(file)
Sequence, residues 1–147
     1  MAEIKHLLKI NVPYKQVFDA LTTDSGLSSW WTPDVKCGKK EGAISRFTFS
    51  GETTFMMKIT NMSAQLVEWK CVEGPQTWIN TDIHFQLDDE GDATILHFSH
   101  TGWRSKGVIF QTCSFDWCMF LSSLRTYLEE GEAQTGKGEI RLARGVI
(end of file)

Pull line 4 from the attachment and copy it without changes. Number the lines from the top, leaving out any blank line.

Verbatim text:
   101  TGWRSKGVIF QTCSFDWCMF LSSLRTYLEE GEAQTGKGEI RLARGVI